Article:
I enjoyed how easy it was to talk to Steve. It was interesting to find out what things are like from a guy's point of view. He told me about a cute girl at school who he really liked and how embarrassed he was the first time he talked to her. Trying to be cool, he attempted to light her cigarette with his lighter, but he couldn't get it to work. We laughed at his chagrin and I marvelled that guys felt just as insecure as girls about meeting the opposite sex. Steve married his high school sweetheart and they are still married.
Bud Beasley's tiny mother was an interesting character. At only four feet, eight inches, she was a little spitfire. Her father had been a blacksmith of short stature and she was strong like him, in spite of her small size and petite bones. Ruby said that when they had wrung out the wash before they had a machine to do it, as strong as Ruby was, little Granny could still get more water out of clothes that Ruby had wrung. She hadn't been easy to have as a mother–in–law.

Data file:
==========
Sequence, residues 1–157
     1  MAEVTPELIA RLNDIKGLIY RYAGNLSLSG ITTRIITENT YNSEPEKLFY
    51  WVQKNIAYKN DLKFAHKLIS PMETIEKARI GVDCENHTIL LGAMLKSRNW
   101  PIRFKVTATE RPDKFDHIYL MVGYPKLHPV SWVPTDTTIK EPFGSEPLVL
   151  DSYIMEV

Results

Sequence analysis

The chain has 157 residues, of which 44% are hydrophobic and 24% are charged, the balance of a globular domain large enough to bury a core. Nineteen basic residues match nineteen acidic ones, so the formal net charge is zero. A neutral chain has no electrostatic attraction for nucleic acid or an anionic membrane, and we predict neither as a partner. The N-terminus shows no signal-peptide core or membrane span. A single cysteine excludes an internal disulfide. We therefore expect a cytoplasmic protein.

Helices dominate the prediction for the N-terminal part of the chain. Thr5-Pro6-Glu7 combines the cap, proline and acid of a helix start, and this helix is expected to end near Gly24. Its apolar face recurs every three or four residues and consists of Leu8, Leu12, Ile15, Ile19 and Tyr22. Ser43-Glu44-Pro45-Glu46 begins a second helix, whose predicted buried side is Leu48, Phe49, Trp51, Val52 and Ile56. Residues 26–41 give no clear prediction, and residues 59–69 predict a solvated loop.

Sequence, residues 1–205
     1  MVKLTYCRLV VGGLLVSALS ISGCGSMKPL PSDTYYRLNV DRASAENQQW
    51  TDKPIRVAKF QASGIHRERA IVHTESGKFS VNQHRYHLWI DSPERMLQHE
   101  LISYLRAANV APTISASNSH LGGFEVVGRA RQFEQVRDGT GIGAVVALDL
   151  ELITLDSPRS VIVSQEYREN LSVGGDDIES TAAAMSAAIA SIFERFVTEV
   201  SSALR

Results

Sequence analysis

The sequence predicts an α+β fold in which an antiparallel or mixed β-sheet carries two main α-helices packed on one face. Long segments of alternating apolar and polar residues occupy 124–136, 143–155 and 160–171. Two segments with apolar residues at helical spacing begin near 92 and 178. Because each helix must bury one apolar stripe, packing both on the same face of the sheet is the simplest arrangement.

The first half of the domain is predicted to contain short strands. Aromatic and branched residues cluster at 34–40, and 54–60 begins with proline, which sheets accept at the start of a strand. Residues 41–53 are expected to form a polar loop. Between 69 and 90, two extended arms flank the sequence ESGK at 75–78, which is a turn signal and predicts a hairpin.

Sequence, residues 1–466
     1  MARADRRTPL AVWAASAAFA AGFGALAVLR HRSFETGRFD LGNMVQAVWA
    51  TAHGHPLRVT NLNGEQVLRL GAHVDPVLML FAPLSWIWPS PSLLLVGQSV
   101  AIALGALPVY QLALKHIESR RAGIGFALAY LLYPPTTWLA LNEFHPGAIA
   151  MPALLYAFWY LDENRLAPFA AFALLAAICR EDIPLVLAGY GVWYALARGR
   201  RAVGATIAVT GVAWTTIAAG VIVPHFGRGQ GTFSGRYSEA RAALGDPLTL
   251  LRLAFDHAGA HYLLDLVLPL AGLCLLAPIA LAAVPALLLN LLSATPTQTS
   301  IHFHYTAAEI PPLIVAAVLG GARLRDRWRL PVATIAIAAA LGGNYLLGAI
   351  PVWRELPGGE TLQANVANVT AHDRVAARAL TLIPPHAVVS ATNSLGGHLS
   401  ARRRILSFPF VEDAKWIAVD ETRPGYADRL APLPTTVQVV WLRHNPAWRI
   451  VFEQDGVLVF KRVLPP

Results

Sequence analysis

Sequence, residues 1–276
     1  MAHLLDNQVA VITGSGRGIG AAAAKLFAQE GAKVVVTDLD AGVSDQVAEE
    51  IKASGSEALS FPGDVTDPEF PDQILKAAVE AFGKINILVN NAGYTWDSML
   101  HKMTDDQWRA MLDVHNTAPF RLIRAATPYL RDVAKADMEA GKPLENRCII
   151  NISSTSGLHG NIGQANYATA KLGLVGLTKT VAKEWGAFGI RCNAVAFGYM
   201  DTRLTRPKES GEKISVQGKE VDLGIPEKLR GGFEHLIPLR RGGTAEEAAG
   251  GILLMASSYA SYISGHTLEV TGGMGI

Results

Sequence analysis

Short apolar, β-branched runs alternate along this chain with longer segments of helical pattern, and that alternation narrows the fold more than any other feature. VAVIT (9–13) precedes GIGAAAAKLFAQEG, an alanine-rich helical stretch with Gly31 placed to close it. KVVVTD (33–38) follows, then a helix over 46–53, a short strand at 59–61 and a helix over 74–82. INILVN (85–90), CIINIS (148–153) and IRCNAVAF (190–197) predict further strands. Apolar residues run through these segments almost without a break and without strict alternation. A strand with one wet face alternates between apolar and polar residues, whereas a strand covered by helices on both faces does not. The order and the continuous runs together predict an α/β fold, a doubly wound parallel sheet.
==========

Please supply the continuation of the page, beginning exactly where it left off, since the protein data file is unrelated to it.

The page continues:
Granny didn't like hardly anybody, but she took a shine to me, which made me feel honoured. I don't know why, but maybe she sensed that I thought that she was feisty and interesting and cute. She sure liked to talk, but I managed to fit a word in edgewise every now and then.
One day after we'd had a chat on the phone, Ruby told me that Granny said to her later, "She's a nice girl, but she sure can talk. I could hardly get a word in edgewise." I thought in outraged astonishment, "Ha! She should talk!" I think that Granny actually liked it that I wasn't scared of her, and that I could manage to get in a few sentences.
Granny had mostly tall children, though she was so little. Bud was six feet tall and his fine physique, along with Ruby's, lent itself to producing tall children. Doug, the oldest son was six feet, five inches, and the next one in line, Ernie, was six feet, four inches. Handsome, blue–eyed Bruce was the shortest of the five boys, but he wasn't short. They also had a daughter named Maxine.
Ruby kept those boys in line. Bud worked out of town a lot, so she had to be firm with them. One time when they were teenagers, she and Bud went away for a few days. When they got home, the neighbours told her about a rowdy party that the boys had. She lit into those big boys with a belt, and they jumped around the room trying to avoid it, yelling, "No, Ma. Stop hitting!" She didn't stop until she was satisfied that they had learned their lesson. No doubt, they still partied, but not in her house.